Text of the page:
Sotheby’s Is Auctioning Off David Bowie’s Art Collection
Portrait of David Bowie by Gavin Evans. © Gavin Evans, courtesy of Sotheby’s.
Some 400 works collected by the late David Bowie will be auctioned by Sotheby’s in a three-part sale this coming November, the auction house announced on Thursday. The collection includes pieces by
Bowie also took an interest in
Though hailed and beloved for his revolutionary musical career, Bowie’s infatuation with the visual arts is less well-known. “Art was, seriously, the only thing I’d ever wanted to own,” the musician remarked to the New York Times in 1998. Four years earlier, Bowie had been invited to join the editorial board of Modern Painters, for which he interviewed seminal British artists such
This genuine personal interest in the arts manifested in a collection that reflects Bowie’s interests, not just those of the market. “He could have gone out and bought a
Bowie lived in New York from 1993 until his death but, upon being diagnosed with terminal cancer in 2014, he paid one last visit to London. The numerous 20th-century British artists in his collection suggest his home was never far from his thoughts—or his music. “My God, yeah! I want to sound like that looks,” Bowie said of Auerbach, whose Head of Gerda Boehm (1965) is estimated at £300,000–500,000. Auerbach fans may recognize the work from a 2001 Royal Academy retrospective of the artist, to which Bowie lent the piece anonymously.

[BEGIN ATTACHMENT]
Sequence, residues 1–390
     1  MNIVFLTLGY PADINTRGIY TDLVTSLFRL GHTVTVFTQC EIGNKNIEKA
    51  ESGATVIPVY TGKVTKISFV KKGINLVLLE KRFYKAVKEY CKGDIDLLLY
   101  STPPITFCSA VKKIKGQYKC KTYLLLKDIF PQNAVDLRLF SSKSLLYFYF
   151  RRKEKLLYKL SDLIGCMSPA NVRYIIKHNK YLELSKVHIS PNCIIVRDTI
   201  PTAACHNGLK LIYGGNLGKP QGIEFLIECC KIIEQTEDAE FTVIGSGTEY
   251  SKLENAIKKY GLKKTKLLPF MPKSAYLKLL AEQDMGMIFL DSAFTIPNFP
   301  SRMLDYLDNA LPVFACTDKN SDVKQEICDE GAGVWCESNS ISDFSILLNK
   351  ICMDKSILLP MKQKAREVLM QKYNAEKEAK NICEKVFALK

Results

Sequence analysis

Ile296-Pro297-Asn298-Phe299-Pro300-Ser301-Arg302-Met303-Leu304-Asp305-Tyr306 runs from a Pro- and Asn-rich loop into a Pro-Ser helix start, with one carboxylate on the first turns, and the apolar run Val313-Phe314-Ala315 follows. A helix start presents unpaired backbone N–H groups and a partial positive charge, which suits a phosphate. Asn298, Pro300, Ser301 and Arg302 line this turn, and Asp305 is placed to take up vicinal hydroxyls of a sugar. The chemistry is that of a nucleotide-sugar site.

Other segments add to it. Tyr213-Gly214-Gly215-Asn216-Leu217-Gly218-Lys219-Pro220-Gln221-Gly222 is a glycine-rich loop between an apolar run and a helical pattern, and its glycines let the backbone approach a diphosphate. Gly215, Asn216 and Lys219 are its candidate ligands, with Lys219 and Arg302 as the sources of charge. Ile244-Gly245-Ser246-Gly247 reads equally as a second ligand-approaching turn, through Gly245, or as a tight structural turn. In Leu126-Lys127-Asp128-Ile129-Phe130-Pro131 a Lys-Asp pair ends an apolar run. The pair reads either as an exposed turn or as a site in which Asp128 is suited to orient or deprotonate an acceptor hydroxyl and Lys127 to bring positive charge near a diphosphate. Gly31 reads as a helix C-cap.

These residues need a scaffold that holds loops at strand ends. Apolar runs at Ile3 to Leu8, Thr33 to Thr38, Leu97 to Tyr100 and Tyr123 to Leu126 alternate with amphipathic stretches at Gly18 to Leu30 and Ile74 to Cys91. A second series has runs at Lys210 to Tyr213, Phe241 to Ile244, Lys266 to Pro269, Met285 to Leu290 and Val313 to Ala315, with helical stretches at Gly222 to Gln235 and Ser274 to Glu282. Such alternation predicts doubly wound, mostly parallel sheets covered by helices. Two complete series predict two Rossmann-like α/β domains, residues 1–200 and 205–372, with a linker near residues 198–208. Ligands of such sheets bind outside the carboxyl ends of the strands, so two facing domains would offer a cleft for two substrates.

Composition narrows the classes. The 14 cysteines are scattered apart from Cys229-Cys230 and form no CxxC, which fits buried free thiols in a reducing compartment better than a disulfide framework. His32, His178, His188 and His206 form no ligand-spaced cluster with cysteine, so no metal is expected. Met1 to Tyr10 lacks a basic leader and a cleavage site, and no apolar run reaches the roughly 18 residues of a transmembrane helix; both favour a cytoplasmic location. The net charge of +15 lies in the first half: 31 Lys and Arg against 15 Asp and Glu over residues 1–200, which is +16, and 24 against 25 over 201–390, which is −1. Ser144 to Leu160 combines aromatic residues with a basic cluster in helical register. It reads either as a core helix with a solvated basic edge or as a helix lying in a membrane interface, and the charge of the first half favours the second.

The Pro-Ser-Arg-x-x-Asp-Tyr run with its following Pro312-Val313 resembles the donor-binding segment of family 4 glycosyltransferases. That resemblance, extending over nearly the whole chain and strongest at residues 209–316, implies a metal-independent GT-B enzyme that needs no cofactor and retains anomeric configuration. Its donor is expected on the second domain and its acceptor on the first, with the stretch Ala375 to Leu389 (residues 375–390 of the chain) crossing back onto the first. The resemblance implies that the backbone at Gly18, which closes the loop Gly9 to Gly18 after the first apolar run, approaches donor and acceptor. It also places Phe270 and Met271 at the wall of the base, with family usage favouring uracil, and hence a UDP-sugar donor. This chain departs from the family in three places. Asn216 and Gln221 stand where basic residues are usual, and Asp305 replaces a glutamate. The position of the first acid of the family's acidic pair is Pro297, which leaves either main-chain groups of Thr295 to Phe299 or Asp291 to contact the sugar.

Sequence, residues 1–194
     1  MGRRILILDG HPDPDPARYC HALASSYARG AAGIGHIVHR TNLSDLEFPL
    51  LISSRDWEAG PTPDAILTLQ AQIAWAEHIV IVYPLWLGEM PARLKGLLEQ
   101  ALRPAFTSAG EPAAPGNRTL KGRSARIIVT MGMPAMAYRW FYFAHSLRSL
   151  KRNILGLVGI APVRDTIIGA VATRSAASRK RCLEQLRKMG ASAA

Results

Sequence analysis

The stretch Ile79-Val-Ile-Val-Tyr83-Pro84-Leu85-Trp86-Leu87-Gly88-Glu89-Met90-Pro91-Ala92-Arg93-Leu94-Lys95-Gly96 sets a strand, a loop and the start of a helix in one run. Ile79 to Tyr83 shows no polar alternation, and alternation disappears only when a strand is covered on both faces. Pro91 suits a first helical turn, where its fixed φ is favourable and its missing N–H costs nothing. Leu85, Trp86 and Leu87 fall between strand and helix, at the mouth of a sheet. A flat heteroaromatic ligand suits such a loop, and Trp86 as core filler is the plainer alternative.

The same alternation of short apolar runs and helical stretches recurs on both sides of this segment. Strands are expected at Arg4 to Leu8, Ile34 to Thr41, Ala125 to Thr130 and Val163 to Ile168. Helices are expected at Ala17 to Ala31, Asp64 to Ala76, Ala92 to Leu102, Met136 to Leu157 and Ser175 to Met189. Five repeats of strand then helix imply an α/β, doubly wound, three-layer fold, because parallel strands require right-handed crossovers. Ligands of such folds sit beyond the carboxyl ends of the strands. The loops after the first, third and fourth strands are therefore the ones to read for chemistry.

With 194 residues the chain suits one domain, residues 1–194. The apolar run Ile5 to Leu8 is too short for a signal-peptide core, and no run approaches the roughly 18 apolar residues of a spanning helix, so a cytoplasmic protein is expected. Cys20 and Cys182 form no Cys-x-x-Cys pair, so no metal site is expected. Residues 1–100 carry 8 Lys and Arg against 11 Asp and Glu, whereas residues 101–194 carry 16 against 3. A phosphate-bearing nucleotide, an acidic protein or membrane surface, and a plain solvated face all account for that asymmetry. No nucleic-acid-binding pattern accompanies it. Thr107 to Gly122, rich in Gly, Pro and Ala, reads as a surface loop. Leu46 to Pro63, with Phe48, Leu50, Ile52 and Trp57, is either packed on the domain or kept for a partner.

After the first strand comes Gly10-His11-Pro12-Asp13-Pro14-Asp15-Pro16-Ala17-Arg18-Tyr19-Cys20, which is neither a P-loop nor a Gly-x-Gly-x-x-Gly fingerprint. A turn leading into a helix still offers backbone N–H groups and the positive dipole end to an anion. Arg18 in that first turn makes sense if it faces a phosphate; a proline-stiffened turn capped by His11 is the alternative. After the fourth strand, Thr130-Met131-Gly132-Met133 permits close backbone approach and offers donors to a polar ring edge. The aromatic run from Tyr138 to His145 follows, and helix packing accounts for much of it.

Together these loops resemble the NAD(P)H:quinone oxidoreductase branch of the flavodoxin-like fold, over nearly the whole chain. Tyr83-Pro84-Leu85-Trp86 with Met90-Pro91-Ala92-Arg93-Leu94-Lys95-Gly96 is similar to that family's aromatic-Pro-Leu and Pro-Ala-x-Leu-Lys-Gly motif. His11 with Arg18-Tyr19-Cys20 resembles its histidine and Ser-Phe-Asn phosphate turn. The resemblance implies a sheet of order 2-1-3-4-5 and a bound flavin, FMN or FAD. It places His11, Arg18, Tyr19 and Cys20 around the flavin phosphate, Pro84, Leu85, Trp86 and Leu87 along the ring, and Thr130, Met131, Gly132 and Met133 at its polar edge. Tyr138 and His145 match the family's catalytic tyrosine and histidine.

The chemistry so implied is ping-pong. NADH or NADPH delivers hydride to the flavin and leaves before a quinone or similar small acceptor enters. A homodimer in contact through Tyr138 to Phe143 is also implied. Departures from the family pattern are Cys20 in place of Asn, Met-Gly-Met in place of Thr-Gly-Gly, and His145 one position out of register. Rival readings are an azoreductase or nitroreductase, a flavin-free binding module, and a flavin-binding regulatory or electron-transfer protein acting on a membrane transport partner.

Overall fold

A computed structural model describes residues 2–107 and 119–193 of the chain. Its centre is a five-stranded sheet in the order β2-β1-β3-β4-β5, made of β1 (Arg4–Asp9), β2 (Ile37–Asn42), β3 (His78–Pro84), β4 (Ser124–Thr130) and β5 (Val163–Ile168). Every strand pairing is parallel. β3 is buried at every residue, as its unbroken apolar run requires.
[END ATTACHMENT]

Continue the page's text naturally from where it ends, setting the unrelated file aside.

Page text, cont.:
But even when collecting works by artists from his homeland, Bowie looked for the unexpected. “He liked the idea of artists who were participating in wider international movements but gave them a particularly British twist,” says Hucker. Though the Bowie family “are keeping certain pieces of particular personal significance,” according to a spokesman for the estate, “it is now time to give others the opportunity to appreciate—and acquire—the art and objects he so admired.” If one wants to know exactly how art influenced Bowie, it’s best to listen to the man himself: “It has always been for me a stable nourishment. I use it,” he said in the past. “It can change the way that I feel in the mornings. The same work can change me in different ways, depending on what I’m going through.”
Isaac Kaplan is an Associate Editor at Artsy.
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